During the last decade, the effects of anaesthetics on cerebral blood flow, cerebral metabolic rate of oxygen and intracranial pressure have been studied experimentally and clinically. In this review studies of CBF and CMRO2 during craniotomy have been performed with the classical technique described by Kety and Schmidt. In chapter 1 general considerations concerning the effects of anaesthetics on cerebral blood flow and metabolism are reviewed. In chapters 2 and 3 the effects of inhalation agents and hypnotics on flow and metabolism are considered. Chapters 4 and 5 cover the effects of central analgetics, and neuromuscular blocking agents. In chapter 6 the effects of other drugs in common use in neuroanaesthetic practice are summarized. Chapter 7 considers the effects of drugs used for controlled hypotension. In chapter 8 the application of Kety's method in studies of CBF and metabolism is reviewed, the studies of cerebral circulation and metabolism during nine different techniques of anaesthesia for craniotomy are presented, and other studies of cerebral circulation during neuroanaesthesia are reviewed. In chapter 9 considerations concerning central and cerebral hemodynamics during anaesthesia in the sitting position are considered. This review is primarily addressed to anaesthetists, but it will also be of interest to those working within neurosurgery, neuroradiology and clinical neurophysiology.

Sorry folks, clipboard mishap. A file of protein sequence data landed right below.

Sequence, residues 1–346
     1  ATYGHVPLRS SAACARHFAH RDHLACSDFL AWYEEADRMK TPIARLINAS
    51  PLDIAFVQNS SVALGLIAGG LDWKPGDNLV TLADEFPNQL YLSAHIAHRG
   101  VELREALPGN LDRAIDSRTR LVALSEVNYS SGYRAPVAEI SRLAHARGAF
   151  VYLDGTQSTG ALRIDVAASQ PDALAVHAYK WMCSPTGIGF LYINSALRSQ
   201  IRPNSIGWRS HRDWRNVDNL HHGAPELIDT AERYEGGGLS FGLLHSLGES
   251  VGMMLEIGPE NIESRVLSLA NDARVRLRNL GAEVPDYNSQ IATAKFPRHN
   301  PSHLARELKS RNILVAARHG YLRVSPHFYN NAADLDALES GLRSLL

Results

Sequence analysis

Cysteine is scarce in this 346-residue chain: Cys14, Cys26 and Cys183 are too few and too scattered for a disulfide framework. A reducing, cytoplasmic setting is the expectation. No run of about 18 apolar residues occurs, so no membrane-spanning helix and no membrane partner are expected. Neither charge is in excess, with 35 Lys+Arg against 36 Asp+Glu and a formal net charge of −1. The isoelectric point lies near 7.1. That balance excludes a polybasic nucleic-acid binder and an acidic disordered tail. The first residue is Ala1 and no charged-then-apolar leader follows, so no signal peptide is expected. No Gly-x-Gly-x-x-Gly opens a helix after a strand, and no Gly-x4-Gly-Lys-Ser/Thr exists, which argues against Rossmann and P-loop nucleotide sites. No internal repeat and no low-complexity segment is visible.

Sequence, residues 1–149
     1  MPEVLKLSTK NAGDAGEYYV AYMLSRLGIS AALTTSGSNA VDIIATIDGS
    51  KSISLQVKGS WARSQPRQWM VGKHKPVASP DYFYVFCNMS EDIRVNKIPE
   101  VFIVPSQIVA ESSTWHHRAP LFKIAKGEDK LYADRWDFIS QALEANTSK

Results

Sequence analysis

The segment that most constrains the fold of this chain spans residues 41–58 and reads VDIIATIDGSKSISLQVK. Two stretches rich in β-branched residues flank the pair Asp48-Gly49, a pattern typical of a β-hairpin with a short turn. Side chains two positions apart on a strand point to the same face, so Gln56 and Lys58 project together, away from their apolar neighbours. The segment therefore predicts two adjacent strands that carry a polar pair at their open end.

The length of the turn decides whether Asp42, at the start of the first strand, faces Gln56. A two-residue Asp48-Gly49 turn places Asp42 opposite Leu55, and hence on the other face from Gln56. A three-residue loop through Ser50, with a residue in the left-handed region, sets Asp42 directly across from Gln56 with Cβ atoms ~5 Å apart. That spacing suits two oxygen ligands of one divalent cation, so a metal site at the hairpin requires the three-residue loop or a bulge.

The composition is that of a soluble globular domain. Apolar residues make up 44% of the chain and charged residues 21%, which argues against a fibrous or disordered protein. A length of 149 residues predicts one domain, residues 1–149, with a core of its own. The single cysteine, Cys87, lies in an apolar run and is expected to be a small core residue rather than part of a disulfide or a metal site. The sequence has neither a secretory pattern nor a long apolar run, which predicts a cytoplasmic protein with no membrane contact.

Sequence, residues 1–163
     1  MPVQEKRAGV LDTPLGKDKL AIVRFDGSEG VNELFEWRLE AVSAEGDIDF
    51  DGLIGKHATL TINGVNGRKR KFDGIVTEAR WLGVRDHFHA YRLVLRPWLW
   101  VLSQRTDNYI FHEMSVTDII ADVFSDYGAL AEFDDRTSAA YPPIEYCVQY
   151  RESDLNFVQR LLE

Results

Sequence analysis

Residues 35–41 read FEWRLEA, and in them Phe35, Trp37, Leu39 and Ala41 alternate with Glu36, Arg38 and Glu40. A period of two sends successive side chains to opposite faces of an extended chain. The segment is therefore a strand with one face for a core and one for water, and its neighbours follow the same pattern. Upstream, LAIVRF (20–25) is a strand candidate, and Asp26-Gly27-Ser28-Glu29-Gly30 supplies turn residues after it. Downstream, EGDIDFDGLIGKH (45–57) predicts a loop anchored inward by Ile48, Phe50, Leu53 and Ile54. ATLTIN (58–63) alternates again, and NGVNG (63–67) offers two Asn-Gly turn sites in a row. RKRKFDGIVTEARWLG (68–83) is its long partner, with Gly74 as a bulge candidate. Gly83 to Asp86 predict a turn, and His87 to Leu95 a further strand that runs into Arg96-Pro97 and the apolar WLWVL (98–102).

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Table of Contents1. General Considerations Concerning the Effects of Anaesthetics on Cerebral Blood Flow and Metabolism.- 2. Inhalation Anaesthetics.- 3. Hypnotic Agents.- 4. Central Analgetics.- 5. Neuromuscular Blocking Agents.- 6. Other Drugs Used in Neuroanaesthesia.- 7. Drugs Used for Controlled Hypotension.- 8. Human Studies of CBF and Metabolism During Craniotomy.- 9. The Sitting Position.- 10. General Summary.- References.